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Today’s News - Thursday, August 12, 2010

•   Weinstein weighs in on architectural "greatest hits" lists and why they should be mocked.

•   More on NYC's 9/11 museum: "it is still a construction site. But it was easy to visualize the intent of the spaces, clearly articulated by the acute voids created by the fallen towers."

•   How to save Cleveland (and other dying cities): it's time to stop grasping for thin straws and "the same frayed ropes" like building convention centers, light-rail systems, stadiums, etc.: "If the basic definition of insanity is trying the same thing over and over again while praying for different results, then huge swaths of urban America are certifiably nuts".

•   Could Hong Kong use some New York-style urbanism (i.e. mechanisms for community input)?

•   Victorian-style model towns: the wave of the future?

•   Buffalo is not alone in discovering its "battered 19th-century buildings are not eyesores or obstacles," but resources that need to be protected and preserved.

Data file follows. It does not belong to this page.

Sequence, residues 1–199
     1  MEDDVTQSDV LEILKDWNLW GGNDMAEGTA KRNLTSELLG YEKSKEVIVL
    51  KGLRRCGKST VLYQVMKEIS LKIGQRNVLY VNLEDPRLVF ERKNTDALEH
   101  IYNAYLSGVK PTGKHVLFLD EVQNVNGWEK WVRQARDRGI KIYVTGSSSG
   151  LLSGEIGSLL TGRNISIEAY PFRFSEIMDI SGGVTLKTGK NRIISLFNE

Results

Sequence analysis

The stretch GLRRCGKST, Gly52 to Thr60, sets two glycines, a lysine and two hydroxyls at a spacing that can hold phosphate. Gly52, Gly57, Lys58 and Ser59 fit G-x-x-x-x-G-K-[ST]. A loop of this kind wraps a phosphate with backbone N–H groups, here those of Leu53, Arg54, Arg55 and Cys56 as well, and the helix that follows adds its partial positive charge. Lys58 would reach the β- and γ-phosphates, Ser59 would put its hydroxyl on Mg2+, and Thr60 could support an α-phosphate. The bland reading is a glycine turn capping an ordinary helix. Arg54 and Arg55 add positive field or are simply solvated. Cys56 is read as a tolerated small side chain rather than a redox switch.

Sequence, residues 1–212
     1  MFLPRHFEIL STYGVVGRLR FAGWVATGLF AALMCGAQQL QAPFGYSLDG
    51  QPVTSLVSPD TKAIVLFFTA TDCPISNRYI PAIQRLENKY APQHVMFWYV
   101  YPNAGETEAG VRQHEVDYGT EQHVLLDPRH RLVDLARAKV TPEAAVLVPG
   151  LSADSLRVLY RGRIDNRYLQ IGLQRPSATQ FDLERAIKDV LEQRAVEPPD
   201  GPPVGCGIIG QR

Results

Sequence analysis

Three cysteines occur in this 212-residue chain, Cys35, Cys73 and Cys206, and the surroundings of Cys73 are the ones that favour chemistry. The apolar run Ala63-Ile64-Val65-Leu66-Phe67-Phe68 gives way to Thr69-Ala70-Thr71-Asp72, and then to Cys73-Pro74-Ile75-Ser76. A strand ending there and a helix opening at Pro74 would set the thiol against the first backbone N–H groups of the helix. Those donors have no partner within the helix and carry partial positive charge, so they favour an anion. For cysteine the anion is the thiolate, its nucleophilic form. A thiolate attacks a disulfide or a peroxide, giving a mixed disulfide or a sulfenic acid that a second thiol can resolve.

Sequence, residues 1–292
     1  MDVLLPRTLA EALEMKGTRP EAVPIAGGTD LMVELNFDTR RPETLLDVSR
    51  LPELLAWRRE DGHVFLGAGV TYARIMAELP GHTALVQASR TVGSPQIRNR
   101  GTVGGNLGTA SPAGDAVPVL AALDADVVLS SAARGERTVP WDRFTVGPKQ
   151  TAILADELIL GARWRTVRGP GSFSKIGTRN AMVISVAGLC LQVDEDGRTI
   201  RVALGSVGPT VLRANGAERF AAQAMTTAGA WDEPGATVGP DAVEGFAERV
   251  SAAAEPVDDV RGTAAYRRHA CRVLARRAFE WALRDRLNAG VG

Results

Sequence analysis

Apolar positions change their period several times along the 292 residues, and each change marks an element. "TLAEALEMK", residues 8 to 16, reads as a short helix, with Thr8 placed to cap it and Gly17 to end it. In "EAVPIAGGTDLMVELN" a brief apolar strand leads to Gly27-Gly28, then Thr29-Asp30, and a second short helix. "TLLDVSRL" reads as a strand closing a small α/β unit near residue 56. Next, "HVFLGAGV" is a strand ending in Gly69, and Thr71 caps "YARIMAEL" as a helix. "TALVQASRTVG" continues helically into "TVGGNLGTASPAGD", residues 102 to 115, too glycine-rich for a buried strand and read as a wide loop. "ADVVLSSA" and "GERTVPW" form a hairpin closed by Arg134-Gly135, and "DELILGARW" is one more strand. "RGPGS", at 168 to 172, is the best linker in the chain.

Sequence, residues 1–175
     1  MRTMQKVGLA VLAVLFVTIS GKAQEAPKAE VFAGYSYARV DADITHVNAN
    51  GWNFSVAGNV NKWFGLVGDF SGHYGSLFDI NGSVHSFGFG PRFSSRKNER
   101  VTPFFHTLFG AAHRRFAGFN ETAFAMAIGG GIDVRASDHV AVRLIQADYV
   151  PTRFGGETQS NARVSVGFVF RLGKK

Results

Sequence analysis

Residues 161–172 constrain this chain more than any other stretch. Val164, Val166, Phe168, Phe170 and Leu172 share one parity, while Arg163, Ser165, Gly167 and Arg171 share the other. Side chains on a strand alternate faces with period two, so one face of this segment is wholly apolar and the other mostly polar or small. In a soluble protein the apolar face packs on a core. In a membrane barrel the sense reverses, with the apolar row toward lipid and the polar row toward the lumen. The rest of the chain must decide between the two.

•   A Californian architect plans a very green Millennium City for Ghana.

•   An international shortlist vies for Edmonton's 500-acre City Centre Airport redevelopment into a sustainable, transit-oriented community.

•   In India, vernacular architecture and indigenous building traditions continue to be relevant, despite the hype about globalization and modern materials and design.

•   Montana builders switch gears from mega-homes to portable housing (@ $2/sq. ft.!) for Haiti, Africa, and elsewhere.

•   A Seattle avenue to be transformed "from a non-descript city street into a welcoming pedestrian corridor."

•   NASA to go LEED Platinum with its greenest facility ever "with some good old-fashioned methods - recycling and Dumpster-diving" (along with gopher tortoises, historic windows, and "one last, endearingly cheesy touch").

•   Berlin begins testing trees from the south as native species show signs of struggling with warming weather.

•   We couldn't resist: Woodman on BD's 2010 Carbuncle Cup winner: it won "for services to greenwash, urban impropriety and sheer breakfast-extracting ugliness" (ouch!); he's not much kinder to the runners-up's either.


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